Colin Salmon directs new film to launch our Million Minutes campaign
Hollywood actor Colin Salmon emotionally explains his personal connection to the story for our special #1MillionMinutes film, Bob's Back!
Tell us about your new short film, which will launch this year's 1 Million Minutes campaign?
The film is based on my aunty Myrtle and my uncle’s allotment, my love of gardening, things I’ve seen and been through over the last year and lockdown.
The importance of flowers, for example, but more importantly, it was about the fellowship of the allotment really, because in respect of the character in the piece - the allotment belongs to Myrtle. Bob helps her out with it, but obviously he is recently widowed and he has to make a decision as to whether he’s going to keep the allotment or move on, because he doesn’t feel he’s much of a gardener.
But actually, it’s not about that, it’s about the fact that he’s got this group of people. He’s had a long term relationship with this group of people and Myrtle’s given so much of her own time to them, that of course they are going to give back to Bob.
And it’s called ‘Bob’s Back’ because it’s about having his back as much as anything else.
Where did the idea come from?
I visualised three different scenarios - of which the final choice was one of them - all drawn from life experiences, so that was quite nice and interesting. I didn’t get much time to think about it, which was good in a way, because that meant you had to go with the simplest story. And this is the story of Bob.
It’s who we are - we are the gardeners - we love to put our hands in the soil and I think the symbolism of that is really important. I know personally how much joy I got from it last year, leaning into the grief of Covid. There’s something about literally putting your hands into the Earth. The words “humility” and “humble” literally come from the latin word “humilis”. To know that’s where you are and where you’re going. Getting your hands in the soil of life is really important.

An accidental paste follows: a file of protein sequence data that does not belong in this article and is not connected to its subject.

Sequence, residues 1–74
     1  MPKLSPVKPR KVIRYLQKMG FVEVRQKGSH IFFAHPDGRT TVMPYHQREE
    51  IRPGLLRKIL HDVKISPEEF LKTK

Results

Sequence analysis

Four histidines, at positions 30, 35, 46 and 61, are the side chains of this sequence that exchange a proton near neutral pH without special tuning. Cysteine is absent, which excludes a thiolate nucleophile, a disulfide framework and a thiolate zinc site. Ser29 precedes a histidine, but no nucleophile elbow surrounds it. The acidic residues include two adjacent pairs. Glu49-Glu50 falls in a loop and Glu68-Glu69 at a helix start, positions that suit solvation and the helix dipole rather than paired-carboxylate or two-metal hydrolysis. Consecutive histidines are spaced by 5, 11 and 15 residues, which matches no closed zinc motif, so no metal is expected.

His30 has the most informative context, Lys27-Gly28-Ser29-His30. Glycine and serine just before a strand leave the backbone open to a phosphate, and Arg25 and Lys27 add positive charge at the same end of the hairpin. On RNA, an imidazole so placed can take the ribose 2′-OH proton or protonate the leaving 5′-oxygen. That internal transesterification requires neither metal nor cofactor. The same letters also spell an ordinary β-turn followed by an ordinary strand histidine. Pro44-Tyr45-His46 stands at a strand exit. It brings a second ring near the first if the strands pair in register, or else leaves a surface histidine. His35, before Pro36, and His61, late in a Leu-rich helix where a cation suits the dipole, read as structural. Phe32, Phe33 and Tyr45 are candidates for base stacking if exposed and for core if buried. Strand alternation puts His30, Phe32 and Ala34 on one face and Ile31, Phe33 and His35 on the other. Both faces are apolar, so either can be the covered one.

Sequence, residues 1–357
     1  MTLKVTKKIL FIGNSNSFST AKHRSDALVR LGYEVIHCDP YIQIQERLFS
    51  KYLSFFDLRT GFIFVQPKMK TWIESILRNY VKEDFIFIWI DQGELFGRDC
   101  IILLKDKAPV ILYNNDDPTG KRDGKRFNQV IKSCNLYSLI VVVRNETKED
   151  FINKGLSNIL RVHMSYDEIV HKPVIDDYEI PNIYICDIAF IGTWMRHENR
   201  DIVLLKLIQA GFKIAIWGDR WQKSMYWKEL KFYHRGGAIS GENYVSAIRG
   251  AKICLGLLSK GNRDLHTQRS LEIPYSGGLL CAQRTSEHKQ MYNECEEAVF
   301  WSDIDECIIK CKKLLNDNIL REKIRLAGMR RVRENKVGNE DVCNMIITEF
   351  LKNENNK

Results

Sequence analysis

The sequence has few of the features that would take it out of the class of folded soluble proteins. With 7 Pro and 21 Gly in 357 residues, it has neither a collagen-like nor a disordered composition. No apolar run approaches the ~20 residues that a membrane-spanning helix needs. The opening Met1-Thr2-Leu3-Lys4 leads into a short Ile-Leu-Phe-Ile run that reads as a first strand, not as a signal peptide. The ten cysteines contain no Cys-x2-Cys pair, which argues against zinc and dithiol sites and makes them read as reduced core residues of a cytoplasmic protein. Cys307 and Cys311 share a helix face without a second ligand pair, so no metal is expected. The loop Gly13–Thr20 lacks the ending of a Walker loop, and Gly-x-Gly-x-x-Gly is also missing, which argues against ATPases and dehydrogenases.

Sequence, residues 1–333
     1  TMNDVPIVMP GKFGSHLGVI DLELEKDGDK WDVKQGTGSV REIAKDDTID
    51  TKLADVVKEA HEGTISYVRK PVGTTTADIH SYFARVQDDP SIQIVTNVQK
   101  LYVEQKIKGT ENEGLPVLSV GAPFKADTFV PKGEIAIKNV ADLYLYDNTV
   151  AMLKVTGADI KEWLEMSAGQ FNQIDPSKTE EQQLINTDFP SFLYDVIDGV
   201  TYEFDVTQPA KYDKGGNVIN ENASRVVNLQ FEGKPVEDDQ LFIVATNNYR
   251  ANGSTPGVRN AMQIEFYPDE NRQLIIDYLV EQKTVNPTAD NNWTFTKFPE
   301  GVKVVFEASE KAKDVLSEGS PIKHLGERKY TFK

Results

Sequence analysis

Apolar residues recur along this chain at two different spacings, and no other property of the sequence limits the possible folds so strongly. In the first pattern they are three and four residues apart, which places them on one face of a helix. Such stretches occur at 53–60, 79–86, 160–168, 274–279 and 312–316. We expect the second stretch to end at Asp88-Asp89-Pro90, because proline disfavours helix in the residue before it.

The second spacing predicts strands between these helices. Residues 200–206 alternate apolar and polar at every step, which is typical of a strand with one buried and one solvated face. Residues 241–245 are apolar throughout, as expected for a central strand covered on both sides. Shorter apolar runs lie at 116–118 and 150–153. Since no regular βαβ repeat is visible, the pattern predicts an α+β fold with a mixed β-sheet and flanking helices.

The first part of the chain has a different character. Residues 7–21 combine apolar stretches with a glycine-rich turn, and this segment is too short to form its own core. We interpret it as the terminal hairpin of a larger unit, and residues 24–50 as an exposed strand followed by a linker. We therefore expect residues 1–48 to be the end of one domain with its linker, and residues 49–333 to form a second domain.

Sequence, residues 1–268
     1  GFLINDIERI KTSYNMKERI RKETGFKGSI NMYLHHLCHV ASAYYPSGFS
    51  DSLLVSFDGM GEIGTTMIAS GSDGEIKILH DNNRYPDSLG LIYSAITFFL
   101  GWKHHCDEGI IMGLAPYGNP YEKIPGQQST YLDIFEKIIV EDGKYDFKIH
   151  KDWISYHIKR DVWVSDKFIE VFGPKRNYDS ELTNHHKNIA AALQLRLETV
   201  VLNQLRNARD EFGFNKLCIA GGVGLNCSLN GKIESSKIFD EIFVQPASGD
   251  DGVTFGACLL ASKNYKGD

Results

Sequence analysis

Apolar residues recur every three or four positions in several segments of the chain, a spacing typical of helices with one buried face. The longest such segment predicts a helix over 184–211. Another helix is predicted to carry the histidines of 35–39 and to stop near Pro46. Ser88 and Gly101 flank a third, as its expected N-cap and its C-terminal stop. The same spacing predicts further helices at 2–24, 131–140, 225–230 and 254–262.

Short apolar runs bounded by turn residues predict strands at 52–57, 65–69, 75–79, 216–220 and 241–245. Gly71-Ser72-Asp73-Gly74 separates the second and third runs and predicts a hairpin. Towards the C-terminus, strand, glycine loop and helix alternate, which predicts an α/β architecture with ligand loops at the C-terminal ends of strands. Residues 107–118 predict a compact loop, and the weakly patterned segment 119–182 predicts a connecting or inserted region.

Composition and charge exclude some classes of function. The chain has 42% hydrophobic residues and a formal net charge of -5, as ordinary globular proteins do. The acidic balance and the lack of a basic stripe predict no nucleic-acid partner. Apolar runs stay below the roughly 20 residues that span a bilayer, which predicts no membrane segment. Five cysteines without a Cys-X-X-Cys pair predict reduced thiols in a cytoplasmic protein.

It’s also about social mobility, because social mobility is also about social interaction. If you love your garden or you love your plants, you’ll have something to talk about whether you have a stately home or a window box. It's one of the things that’s a very important point of reference.
It was wonderful working with the Good Morning Britain team because they all brought their expertise.
What’s your experience of loneliness?
Back in the day, when I was younger, perhaps I was isolated because of mental health worries. My mother died when I was 24, when I was in London. Just that journey home to the house and looking at people on the train and wondering how on Earth they could be laughing in that moment? And that’s sort of like our Bob character in a way - those lonely walks, for example. I hear people say on the street, “Cheer up love, it may never happen.” There’s no kindness in saying that. The kindness is allowing people the space to be authentic and be themselves, and if they’re going through something we just need to give them space. Just stay sentient to the world and there’s always a reason for something, it’s always complex. We don’t have to always grin and bear it - stop it. We just have to be sensitive to each other.
I think over the past couple of years, I do think people have realised, because Covid has affected every family in one way, shape or form. And that feels a bit like unity through grief in a way. You start realising that you’ve had it really lucky, but that we need to be a bit more careful with each other. So for me, that’s being kind - be careful.
What advice would you give to any viewers at home who might be feeling lonely?
I think it can vary for everybody and so I don’t think there’s necessarily any general advice, but to talk to someone is key. Talk to your GP, distinct nurse, because it’s important. Isolation can sometimes affect judgement, diet - you don’t even realise what’s happening because you’re slightly lost.
I think communication is key too. So Bob coming back to the allotment is a big step, he was nervous about it but by doing so, and just by gently including himself, he opens himself up to being connected again. That’s who we are as human beings, we want to be connected and our minds can play tricks on us, but ultimately it’s good and really important to talk to people.
You can be honest too. I was struggling in my early twenties, I would go to the National Gallery - the free museums where you didn’t have to pay - to go and just to be in those environments, and you just find yourself there and you’re around other people who are maybe doing similar things.